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Gono promises floating exchange rate

Central bank governor Gideon Gono promised a visiting International Monetary Fund team that Zimbabwe would have market-determined exchange and interest rates by September 2005, which was almost a year away.

Gono made the undertaking to IMF Africa director Abdoulaye Bio-Tchane who also met President Robert Mugabe but was not impressed.

Bio-Tchane also met British and United States embassy officials who said they would not reengage with Zimbabwe unless it addressed fully democracy, governance and human rights issues.

 

Full cable:


Viewing cable 04HARARE1900, GOZ Promises Floating Exchange Rate to IMF

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Reference ID

Created

Released

Classification

Origin

04HARARE1900

2004-11-22 11:11

2011-08-30 01:44

UNCLASSIFIED//FOR OFFICIAL USE ONLY

Embassy Harare

This record is a partial extract of the original cable. The full text of the original cable is not available.

UNCLAS HARARE 001900

 

SIPDIS

 

STATE FOR AF/S

USDOC FOR ROBERT TELCHIN

TREASURY FOR OREN WYCHE-SHAW

PASS USTR FLORIZELLE LISER

STATE PASS USAID FOR MARJORIE COPSON

 

SENSITIVE

 

E. O. 12958: N/A

TAGS: EFIN ECON ETRD EINV PGOV ZI

SUBJECT: GOZ Promises Floating Exchange Rate to IMF

 

Sensitive but unclassified. Not for Internet posting.

 

1. (SBU) Summary: International Monetary Fund (IMF)

Africa Director Abdoulaye Bio-Tchane said Reserve Bank of

Zimbabwe (RBZ) Governor Gideon Gono indicated he has set

September 2005 as the target month for introducing market-

determined exchange and interest rates. End summary.

 

2. (SBU) Accompanied by Assistant Africa Director

Sharmini Coorey, Bio-Tchane met the Ambassador on Nov 17

to seek out our views on economic and political

developments. Bio-Tchane also met with President Mugabe

on Nov 16, but the IMF official characterized this

session as unremarkable. Bio-Tchane noted that he had

met earlier with the British Ambassador, who said his

country was cautiously prepared to reengage with Zimbabwe

if discussions were not limited to assistance alone but

also encompassed the full range of democracy, governance

and human rights issues.

 

3. (SBU) Amb Dell said U.S. policy more or less

paralleled that view. He added, however, that as long as

the GOZ continues to engage in repressive tactics and

undermine multiparty democracy, there would be real

constraints on our ability to reengage with Zimbabwe.

The Ambassador also expressed concern about the tactics

and timing of the IMF process leading to a decision on

Zimbabwe’s compulsory withdrawal from the Fund. It would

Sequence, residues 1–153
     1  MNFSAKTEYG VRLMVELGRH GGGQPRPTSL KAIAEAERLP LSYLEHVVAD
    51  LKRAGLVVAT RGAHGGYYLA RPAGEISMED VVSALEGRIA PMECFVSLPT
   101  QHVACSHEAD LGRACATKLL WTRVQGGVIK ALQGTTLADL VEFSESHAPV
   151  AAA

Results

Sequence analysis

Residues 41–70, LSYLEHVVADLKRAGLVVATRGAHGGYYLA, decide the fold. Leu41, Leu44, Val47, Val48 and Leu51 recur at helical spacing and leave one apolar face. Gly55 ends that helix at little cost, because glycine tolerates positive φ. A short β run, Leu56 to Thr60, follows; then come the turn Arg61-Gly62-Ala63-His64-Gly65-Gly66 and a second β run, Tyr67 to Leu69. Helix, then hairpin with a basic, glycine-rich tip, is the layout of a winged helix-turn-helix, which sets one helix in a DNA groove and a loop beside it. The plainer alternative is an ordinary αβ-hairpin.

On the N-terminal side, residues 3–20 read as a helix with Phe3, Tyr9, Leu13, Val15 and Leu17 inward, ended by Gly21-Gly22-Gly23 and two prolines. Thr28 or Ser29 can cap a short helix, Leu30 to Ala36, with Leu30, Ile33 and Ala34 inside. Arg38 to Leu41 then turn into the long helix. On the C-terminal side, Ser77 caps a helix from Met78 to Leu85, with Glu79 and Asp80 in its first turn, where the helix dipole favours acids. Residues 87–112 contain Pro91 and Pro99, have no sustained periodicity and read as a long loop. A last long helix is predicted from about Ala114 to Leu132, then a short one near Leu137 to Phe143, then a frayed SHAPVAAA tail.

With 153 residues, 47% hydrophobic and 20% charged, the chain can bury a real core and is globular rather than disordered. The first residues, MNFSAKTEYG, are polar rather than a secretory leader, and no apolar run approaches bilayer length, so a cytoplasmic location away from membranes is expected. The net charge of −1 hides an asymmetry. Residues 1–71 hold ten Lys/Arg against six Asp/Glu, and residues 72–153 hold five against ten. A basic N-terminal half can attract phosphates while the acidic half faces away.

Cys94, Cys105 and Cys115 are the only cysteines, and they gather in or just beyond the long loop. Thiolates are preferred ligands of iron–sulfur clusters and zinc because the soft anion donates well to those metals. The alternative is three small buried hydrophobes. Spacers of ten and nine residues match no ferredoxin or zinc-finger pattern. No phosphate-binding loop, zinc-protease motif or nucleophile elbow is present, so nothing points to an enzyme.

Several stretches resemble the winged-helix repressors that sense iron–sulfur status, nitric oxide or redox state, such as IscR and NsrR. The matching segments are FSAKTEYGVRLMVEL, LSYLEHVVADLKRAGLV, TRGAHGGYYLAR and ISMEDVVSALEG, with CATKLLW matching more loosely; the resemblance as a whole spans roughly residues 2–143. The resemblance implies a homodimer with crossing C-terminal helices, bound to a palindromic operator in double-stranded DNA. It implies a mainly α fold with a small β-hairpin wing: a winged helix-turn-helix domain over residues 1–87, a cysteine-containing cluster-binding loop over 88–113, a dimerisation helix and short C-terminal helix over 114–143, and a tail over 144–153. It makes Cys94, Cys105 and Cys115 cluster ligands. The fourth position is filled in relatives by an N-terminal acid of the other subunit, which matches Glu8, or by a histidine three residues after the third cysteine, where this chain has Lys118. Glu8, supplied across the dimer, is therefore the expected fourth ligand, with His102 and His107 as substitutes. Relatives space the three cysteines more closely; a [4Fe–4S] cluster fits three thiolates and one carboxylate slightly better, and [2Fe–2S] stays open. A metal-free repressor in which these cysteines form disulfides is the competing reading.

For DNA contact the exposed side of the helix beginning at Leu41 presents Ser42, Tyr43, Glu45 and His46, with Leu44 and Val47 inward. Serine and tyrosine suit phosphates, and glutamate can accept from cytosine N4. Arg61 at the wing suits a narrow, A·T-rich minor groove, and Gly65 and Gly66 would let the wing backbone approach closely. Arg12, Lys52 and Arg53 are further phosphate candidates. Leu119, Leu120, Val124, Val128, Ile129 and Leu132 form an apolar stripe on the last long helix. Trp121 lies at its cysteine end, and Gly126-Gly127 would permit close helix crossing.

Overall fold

hand Mugabe a cheap propaganda victory on the eve of

elections if an Executive Directors’ vote in favor of

withdrawal fell short of the required 85 percent level at

the Fund’s Board. One could easily imagine headlines

here crowing about “IMF Approval for Mugabe’s Policies.”

Thus, we need to be either very confident we could see

the process through successfully or manage it to avoid a

wrong outcome before elections here. In a separate

conversation later that evening, RBZ Deputy Governor Nick

Ncube acknowledged that the GOZ’s US$ 5 million quarterly

payments toward its IMF arrears were mere “tokens.”

 

4. (SBU) Bio-Tchane deferred the IMF’s own assessment of

Zimbabwe’s economy until the conclusion of an upcoming

staff visit, which Coorey will head in early December.

However, Bio-Tchane volunteered that he urged GOZ

officials to place more emphasis on fiscal controls, i.e.

cutting public spending. Bio-Tchane said Gono assured

him the GOZ would move to market-determined interest and

exchange rates by September 2005. Bio-Tchane and Coorey

disavowed government media reports that they “hailed the

ongoing economic reforms” and were “happy with the

progress made so far.”   They also denied assertions in

the GOZ’s Herald that the IMF has established a forecast

of 5.2 percent GDP growth for 2005. In his post-visit

press release, Bio-Tchane offered no appraisal of Gono’s

economic policies to date.

 

5. (SBU) Comment: Although Bio-Tchane was guardedly non-

committal in advance of December’s technical assessment,

he seemed to look upon the GOZ’s much-ballyhooed recovery

with skepticism. The IMF official also appeared mildly

dismissive of the GOZ’s current official inflation rate

of 209 percent. On the other hand, we have no doubt the

GOZ seeks to gain maximum political mileage from this

“economic turnaround,” trumpeted almost daily in the

state media. Referring to the IMF’s upcoming decision on

Zimbabwe’s compulsory withdrawal, the Nov 18 Herald

editorial proclaimed: “We. . . expect the IMF Executive

Board to give the thumbs-up to the country.” Without

doubt, the GOZ will spin non-expulsion as endorsement of

its economic management, providing a handy campaign plank

for March’s parliamentary electio

 

(20 VIEWS)

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